Having finished with Germania, Maximinus marched his army to Sirmium in the Danube region, and waged war on the Sarmatians and Free Dacians. The Danube had never been a quiet frontier, but it had not seen violence of this magnitude since Trajan's Dacian Wars over a century before.

One of the legions that had - thus far - been loyally fighting alongside Maximinus was the Second Parthica, garrisoned at Albanum in Italy. Many of these soldiers had wives and lovers, and children, waiting for them at Albanum, and were missing them fiercely. Since most of the Praetorians were still in Italy (and had yet to voice their opinion of Maximinus...), Maximinus relied on the Second Parthica as his bodyguards. He doubled legionary pay in the fleeting hope that it would raise morale. "Love the soldiers, damn everyone else", Severus had said...

Maximinus massacred several tribes from his HQ's at Sirmium, winning enough victories to justify taking the titles Sarmaticus Maximus and Dacicus Maximus. The Senate was not particularly impressed, however, by this crude soldier-emperor who hadn't even bothered to make an appearance in the Mother City. Maximinus wasn't behaving like the "First Man" of the Principate, he was behaving like a dictatorial warlord. It was their first clear taste of what was to come - and they weren't enjoying it very much.

Maximinus needed more funds - and quickly. His wars were expensive, his massive increase of military salaries was even more expensive. Roman tax-collectors had never been known in the provinces as the understanding sort, but Maximinus told them to be brutal - murderously so. Tax collectors called upon soldiers and even hired thugs to enforce their demands on the population of the Empire. Rich men were charged with ridiculous crimes and imprisoned, all of their possessions confiscated by the government.

Unrest broke out across the Empire - but nowhere worse than Africa, which was incidentally one of the richest provinces. The governor of Africa, Marcus Antonius Gordianus Romanus, and his son by the same name, led a revolt in January of 238 AD. They took the titles of Augustus and Caesar, respectively, and raised an army to enforce their claims to the purple.

In the meantime, the Senate had also become fed up, and had chosen two of their number - Decimus Caelius Balbinus and Pupienus Maximus - to rule as joint Augusti. In January of 238, the Roman Empire had six emperors (counting Julius Maximus, son and co-emperor of Maximinus), each one of them minting coins and commanding armies.

Capellianus, the governor of Numidia, was one of Maximinus' few loyal supporters in the entire Empire. He crushed the revolt of the Gordiani in Africa and looted the homes of their supporters, winning spoils for Maximinus. Maximinus and his lackeys had been reduced to pillaging the houses of Roman citizens just so the Emperor could keep his promises to the increasingly demanding army.

Content with Capellianus' crushing victory, Maximinus and his son invaded Italy with several legions - including the increasingly unhappy Second Parthica. They besieged the first major city of Italy, Aquilea, with gruesome results. In May of 238 they failed an assault on the city's imposing walls, at the cost of some hundreds of lives.

As the soldiers retreated back to their camps around the city, word came from Rome. The Praetorian Guard - the muscle behind the otherwise farcical regime of Pupienus and Balbinus - had besieged Albanum. If the soldiers of the Second Parthica did not rebel against Maximinus, their families would die.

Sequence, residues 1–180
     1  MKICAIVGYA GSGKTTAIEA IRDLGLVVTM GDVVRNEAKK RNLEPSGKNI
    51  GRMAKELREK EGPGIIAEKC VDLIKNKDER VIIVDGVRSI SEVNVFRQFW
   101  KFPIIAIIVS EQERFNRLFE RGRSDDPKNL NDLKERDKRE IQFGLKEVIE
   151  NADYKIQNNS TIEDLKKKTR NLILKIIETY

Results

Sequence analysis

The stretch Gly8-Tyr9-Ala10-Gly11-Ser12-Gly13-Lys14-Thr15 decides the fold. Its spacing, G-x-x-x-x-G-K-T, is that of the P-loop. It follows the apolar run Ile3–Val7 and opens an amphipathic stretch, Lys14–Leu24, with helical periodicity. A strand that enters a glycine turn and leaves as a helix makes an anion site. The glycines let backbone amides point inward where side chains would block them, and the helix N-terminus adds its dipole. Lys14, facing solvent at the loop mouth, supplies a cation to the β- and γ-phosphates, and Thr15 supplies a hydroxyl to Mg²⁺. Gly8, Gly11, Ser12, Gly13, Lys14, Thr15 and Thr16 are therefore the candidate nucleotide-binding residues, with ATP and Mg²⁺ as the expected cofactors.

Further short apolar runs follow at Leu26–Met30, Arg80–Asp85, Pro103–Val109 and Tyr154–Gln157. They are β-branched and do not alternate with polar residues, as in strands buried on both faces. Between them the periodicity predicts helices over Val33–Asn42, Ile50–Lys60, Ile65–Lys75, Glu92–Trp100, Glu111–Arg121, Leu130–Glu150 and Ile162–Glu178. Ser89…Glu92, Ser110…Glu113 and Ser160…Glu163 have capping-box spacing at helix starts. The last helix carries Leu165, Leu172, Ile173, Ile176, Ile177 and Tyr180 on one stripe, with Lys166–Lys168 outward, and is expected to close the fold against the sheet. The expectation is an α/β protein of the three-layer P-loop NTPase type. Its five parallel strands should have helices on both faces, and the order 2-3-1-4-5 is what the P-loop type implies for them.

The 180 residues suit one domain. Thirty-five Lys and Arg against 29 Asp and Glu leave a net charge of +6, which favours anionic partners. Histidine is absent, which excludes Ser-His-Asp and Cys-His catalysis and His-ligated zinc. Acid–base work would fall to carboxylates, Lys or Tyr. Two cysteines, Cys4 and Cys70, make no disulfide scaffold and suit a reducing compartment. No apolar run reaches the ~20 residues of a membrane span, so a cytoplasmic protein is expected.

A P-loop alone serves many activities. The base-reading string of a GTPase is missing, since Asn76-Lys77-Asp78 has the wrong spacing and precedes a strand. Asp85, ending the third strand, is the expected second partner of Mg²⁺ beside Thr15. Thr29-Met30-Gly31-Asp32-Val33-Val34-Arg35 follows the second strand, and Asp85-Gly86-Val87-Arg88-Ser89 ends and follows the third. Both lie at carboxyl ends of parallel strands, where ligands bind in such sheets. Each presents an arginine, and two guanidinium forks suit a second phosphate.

That afternoon, Maximinus and his son were taking a siesta in their tent. They awoke to the awful commotion of angry, chanting soldiers and clashing weapons. Several centurions of the Second Parthica entered the tent, and a few moments later came out with the severed heads of the emperors in their hands.

The heads were sent to Rome by cavalry messengers attached to the Second Parthica. The Praetorians not only broke off their assault on Albanum, they also killed Balbinus and Pupienus. Marcus Antonius Gordianus Tertius, grandson of the former governor of Africa, was hailed the new Emperor.

Maximinus was a short-lived and unloved Roman emperor. His blood-soaked reign was a chilling prelude of the horrifice violence to come in the next four decades, violence from which the Empire would never fully recover. He was the first of the "barracks emperors".
 

okamido

Forum Staff
Jun 2009
29,885
land of Califia
What a lovely episode. Just goes to show that you don't need a barbarian horde to fell the Empire, the Empire was more than capable of felling itself.
 

pixi666

Ad Honorem
Nov 2010
2,534
The Great Indoors
What a lovely episode. Just goes to show that you don't need a barbarian horde to fell the Empire, the Empire was more than capable of felling itself.
Who says that Maximinus' legions weren't barbarians?
 

Sargon of Akkad

Ad Honorem
Jun 2009
6,987
Glorious England
I don't know why, but whenever I hear his name I picture someone roaring "THRAAAAAAAAAX!" in anger.
 

Salah

Forum Staff
Oct 2009
23,284
Maryland
Who says that Maximinus' legions weren't barbarians?
His legions were no different in terms of origin than those of the previous century. Peoples of all nations - Italians, Spaniards, Gauls, Germans, Illyrians, and others would've marched under Maximinus. Even if many of them happened to be "barbarian" in ethnic origin, they were all Latin-speaking Roman citizens fighting in Roman military units with Roman equipment.
 

pixi666

Ad Honorem
Nov 2010
2,534
The Great Indoors
His legions were no different in terms of origin than those of the previous century. Peoples of all nations - Italians, Spaniards, Gauls, Germans, Illyrians, and others would've marched under Maximinus. Even if many of them happened to be "barbarian" in ethnic origin, they were all Latin-speaking Roman citizens fighting in Roman military units with Roman equipment.
I meant by their conduct rather than by their ethnicities, but I take your point.
 

Salah

Forum Staff
Oct 2009
23,284
Maryland
I was solely commenting on the misconception that untold numbers of German hordes ransacked the Empire.:)
A misconception I find very noxious - as you already pointed out in this thread, it was the Romans that brought the Roman Empire down.
 

Sargon of Akkad

Ad Honorem
Jun 2009
6,987
Glorious England
"THRAAAAAAAAAAAAAAAX!"

Seriously, just say it out loud to yourself. You can't not say it in a cry of anger. :D
 

okamido

Forum Staff
Jun 2009
29,885
land of Califia
That afternoon, Maximinus and his son were taking a siesta in their tent. They awoke to the awful commotion of angry, chanting soldiers and clashing weapons. Several centurions of the Second Parthica entered the tent, and a few moments later came out with the severed heads of the emperors in their hands.
At 8'6", I wonder how difficult it was too take him down?



Oh yes...ahem, ahem....
THRAXXXXXXX!!!:D